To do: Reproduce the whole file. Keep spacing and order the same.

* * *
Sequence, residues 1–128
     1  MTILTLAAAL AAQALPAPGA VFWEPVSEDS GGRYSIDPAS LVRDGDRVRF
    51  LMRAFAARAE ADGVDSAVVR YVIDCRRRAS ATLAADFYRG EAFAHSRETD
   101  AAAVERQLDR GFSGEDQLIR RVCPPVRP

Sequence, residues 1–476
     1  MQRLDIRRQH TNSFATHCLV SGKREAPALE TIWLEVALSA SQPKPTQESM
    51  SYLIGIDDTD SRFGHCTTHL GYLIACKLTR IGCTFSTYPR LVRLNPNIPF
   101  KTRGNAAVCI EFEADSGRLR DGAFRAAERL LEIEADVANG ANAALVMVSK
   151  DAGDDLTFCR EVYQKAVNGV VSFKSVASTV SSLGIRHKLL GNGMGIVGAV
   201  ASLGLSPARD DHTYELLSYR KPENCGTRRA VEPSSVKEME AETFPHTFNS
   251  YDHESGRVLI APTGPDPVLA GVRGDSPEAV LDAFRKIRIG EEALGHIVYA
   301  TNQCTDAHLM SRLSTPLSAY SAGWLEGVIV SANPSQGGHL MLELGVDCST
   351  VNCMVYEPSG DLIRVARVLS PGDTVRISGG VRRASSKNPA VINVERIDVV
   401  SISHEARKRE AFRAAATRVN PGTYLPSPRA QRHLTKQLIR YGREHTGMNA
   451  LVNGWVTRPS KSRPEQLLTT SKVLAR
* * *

Sequence, residues 1–128
     1  MTILTLAAAL AAQALPAPGA VFWEPVSEDS GGRYSIDPAS LVRDGDRVRF
    51  LMRAFAARAE ADGVDSAVVR YVIDCRRRAS ATLAADFYRG EAFAHSRETD
   101  AAAVERQLDR GFSGEDQLIR RVCPPVRP

Sequence, residues 1–476
     1  MQRLDIRRQH TNSFATHCLV SGKREAPALE TIWLEVALSA SQPKPTQESM
    51  SYLIGIDDTD SRFGHCTTHL GYLIACKLTR IGCTFSTYPR LVRLNPNIPF
   101  KTRGNAAVCI EFEADSGRLR DGAFRAAERL LEIEADVANG ANAALVMVSK
   151  DAGDDLTFCR EVYQKAVNGV VSFKSVASTV SSLGIRHKLL GNGMGIVGAV
   201  ASLGLSPARD DHTYELLSYR KPENCGTRRA VEPSSVKEME AETFPHTFNS
   251  YDHESGRVLI APTGPDPVLA GVRGDSPEAV LDAFRKIRIG EEALGHIVYA
   301  TNQCTDAHLM SRLSTPLSAY SAGWLEGVIV SANPSQGGHL MLELGVDCST
   351  VNCMVYEPSG DLIRVARVLS PGDTVRISGG VRRASSKNPA VINVERIDVV
   401  SISHEARKRE AFRAAATRVN PGTYLPSPRA QRHLTKQLIR YGREHTGMNA
   451  LVNGWVTRPS KSRPEQLLTT SKVLAR